Staff Contact:

Andrea J. Burney, APR

Director of  Public Relations



Two Boys in Nanotechnology lab

Students in DCC's Nanotechnology lab.


DANVILLE, VA, August 25, 2011 -- Danville Community College's newest program, Nanotechnology Technician Education was approved in spring 2011 by the Southern Association of Colleges and Schools (SACS) to an Associate of Applied Science (AAS) degree.

This represents a tremendous milestone for DCC and its students, as the program not only provides an additional (and highly lucrative) technical career path for the citizens in DCC’s service region to pursue, but the caliber of the program makes DCC now one of the leading nanotechnology educators in the nation, particularly on the two-year college level.

The term “nanotechnology? is used to describe the study and control of matter on the molecular level (a nanometer is one-billionth of a meter – a hair, for example, is around 100,000 nanometers in width).

DCC’s nanotechnology program, which was developed under funding from the National Science Foundation, will train students to work in a variety of laboratory and technician types of jobs in a wide range of fields.
Nationwide, the National Science Foundation forecasts the creation of nearly 1 million new nanotechnology-related jobs within a decade. With nanotechnology now being used in some way in nearly every product manufactured and the majority of new technologies being developed, a nanotechnology degree opens up a huge range of exciting career choices for program graduates in a diversity of fields ranging from healthcare to green technologies to energy to aerospace to manufacturing – and more.

At a time when many families are finding it difficult to meet the financial burden of sending a bright son or daughter off to a four-year university, DCC’s nanotechnology program provides an affordable, yet equally as challenging and rewarding alternative.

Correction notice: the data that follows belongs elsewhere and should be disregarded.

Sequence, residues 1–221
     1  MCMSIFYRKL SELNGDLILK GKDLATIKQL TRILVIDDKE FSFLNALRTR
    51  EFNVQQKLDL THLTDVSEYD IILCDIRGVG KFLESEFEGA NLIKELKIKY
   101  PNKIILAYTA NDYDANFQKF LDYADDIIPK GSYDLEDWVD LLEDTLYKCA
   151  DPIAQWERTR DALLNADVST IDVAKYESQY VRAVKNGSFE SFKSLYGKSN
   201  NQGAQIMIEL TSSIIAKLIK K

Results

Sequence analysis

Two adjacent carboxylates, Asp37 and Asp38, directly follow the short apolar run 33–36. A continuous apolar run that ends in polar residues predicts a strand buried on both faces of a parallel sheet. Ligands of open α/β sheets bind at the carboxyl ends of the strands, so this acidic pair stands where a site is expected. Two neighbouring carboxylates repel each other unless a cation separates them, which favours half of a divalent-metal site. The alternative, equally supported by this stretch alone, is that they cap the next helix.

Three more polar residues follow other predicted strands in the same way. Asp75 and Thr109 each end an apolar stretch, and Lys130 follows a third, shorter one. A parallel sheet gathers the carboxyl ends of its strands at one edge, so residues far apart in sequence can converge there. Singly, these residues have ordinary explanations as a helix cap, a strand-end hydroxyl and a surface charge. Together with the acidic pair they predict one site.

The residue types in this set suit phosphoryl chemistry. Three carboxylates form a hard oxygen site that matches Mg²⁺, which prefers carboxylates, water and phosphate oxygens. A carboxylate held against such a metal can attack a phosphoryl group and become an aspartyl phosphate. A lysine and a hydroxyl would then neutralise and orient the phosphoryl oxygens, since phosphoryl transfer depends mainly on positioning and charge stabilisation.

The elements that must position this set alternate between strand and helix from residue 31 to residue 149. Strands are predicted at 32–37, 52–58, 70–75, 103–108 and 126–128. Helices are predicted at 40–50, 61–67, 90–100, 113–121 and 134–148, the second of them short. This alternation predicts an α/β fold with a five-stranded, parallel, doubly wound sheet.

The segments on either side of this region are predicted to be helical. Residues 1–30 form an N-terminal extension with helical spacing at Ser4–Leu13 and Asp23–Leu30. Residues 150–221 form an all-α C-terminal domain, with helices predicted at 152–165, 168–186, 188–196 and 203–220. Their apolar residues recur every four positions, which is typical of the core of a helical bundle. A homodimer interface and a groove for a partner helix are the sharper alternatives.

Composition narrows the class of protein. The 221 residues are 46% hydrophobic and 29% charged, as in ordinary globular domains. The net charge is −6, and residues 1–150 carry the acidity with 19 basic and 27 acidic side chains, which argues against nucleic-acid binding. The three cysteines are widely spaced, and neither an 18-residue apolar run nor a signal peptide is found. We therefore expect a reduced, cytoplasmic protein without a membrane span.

To that end, one unique feature of the program is that it provides technician-level students the opportunity to gain hands-on experience on high-end equipment usually available only to graduate students at major universities. Examples of such equipment in DCC’s program include atomic force microscopes, scanning tunneling microscopes, four-point probes, Raman spectroscopy systems, carbon nanotube reactors, and chemical vapor deposition equipment. Experience in using such equipment will give graduates of DCC’s program a huge competitive advantage over other job applicants as most first-time lab technicians have no familiarity at all with equipment of this caliber. DCC’s students, on the other hand, will be able to claim not only experience, but also expertise.
In addition to having the National Science Foundation as a major program partner, DCC has lined up 42 additional partners, many of which are from industry and have agreed to hire program graduates or offer job internship opportunities to students. On the local level, such partners include Luna nanoWorks; IR Flex Lab; Electronic Development Labs, Inc.; EDS; Goodyear Tire & Rubber Company; and Arista Tubes, to name but a few. Partnering companies throughout Virginia and North Carolina are primarily industries that specialize in nanotechnology research, and they include Sensory Analytics; Alnis BioSciences; Amphora Discovery Corp.; Liquidia Technologies; Nextreme Thermal Solutions; Advanced Liquid Logic; International Technology Center; Xintek; Hydrosize Technologies; NanoTechLabs Inc.; Zellcomp; Applied Quantum Technologies; MEMSCAP; Nitronex; Semprius; Micron; Expression Analysis; NanoLume Inc.; and AdvanceTEC.

According to DCC’s Nanotechnology Program Director
Dr. Beverly Clark, the greatest thing about having a degree in nanotechnology is that although the training is highly specialized, the scientific knowledge and technical skills learned have such a wide range of applicability.
“It’s a terrific choice for students who are good at math and science and enjoy hands-on work, but who haven’t really yet identified the specific job or career path they’d like to pursue in life. Nanotechnology gives them options. Lots of options,? Clark noted.

Check it out at or click here.


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